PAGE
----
Why java.io.File doesn't have a close() method?
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java.io.RandomAccessFile does have a
java.io.File doesn't. Why is that? Is the file closed automatically on finalization or something?
The javadoc of the
File class describes the class as:
An abstract representation of file and directory pathnames.
File is only a representation of a pathname, with a few methods concerning the filesystem (like
exists()) and directory handling but actual streaming input and output is done elsewhere. Streams can be opened and closed, files cannot.
(My personal opinion is that it's rather unfortunate that Sun then went on to create
RandomAccessFile, causing much confusion with its inconsistent naming.)
Java.io.File Class in Java, Instances may or may not denote an actual file-system object such as a file or a directory. If it does denote such an object then that object resides in a partition. A The java.nio.file package defines interfaces and classes for the Java virtual machine to access files, file attributes, and file systems. This API may be used to overcome many of the limitations of the java.io.File class.
java.io.File doesn't represent an open file, it represents a path in the filesystem. Therefore having
close method on it doesn't make sense.
Actually, this class was misnamed by the library authors, it should be called something like
Java.io.File Class, The javadoc of the File class describes the class as: An abstract representation of file and directory pathnames. File is only a representation of a java.io.File doesn't represent an open file, it represents a path in the filesystem. Therefore having close method on it doesn't make sense. Actually, this class was misnamed by the library authors, it should be called something like Path.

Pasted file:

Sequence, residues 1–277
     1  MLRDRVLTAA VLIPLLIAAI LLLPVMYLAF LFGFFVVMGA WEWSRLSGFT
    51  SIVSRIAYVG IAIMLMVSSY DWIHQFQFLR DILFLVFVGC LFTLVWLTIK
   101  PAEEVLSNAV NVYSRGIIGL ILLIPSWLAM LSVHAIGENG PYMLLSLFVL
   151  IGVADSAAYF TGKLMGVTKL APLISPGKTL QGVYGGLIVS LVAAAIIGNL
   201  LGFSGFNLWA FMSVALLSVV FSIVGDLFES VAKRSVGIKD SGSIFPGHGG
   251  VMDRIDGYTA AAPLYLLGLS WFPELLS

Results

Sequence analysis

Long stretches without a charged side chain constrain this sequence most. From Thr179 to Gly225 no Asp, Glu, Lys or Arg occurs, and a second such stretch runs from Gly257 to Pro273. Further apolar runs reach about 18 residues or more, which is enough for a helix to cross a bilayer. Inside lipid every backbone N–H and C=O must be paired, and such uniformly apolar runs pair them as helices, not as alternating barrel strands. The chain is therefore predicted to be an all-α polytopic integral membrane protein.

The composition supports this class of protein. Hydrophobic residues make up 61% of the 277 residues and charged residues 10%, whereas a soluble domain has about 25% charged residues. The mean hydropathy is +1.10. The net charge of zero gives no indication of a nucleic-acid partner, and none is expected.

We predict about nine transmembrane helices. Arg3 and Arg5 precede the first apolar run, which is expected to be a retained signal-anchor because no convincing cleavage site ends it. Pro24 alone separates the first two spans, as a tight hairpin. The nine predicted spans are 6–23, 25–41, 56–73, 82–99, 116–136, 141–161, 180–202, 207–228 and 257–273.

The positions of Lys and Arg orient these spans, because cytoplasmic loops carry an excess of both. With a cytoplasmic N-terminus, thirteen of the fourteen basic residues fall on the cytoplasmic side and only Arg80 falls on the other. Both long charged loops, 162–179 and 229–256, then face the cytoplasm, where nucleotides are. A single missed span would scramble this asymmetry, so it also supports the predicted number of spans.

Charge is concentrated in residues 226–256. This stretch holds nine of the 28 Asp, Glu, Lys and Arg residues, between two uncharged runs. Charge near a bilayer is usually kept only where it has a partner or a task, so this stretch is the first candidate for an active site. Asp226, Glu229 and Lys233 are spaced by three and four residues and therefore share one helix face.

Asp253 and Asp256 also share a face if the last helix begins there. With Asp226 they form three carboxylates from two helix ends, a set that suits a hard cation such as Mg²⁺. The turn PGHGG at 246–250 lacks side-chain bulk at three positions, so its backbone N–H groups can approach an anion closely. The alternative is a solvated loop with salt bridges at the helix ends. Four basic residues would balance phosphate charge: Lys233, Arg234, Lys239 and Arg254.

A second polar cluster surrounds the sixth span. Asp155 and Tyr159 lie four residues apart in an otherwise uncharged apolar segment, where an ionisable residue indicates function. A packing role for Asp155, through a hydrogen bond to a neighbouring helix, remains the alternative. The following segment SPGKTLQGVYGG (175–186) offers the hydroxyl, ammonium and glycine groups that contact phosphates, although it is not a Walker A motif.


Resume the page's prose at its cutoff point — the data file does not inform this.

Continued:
Essentially random access file wraps input and output streams in order to manage the random access. You don't open and close a file, you open and close streams to a file.
Why java.io.File doesn't have a close() method?, The Java File class of the Java IO API enables you to do basic file Check if File or Directory Exists; Create a Directory if it Does Not Exist; File [Android.Runtime.Register("java/io/File", ApiSince=1, DoNotGenerateAcw=true)] public class File : Java.Lang.Object, IDisposable, Java.IO.ISerializable, Java.Lang.IComparable type File = class inherit Object interface ISerializable interface IJavaObject interface IDisposable interface IComparable
A BufferedReader can be opened and closed but a File is never opened, it just represents a path in the filesystem.
Java File, Files and directories are both represented by File objects. When a File object is created, the system doesn't test to see if a corresponding file/directory actually The user that owns the AEM java process doesn't have proper permissions to write in the java process' temp directory. Resolution Find out if the JVM parameter -Djava.io.tmpdir is set on the java process
Say suppose, you have
File f = new File("SomeFile"); f.length();
You need not close the
Files, because its just the representation of a path.
You should always consider to close only reader/writers and in fact streams.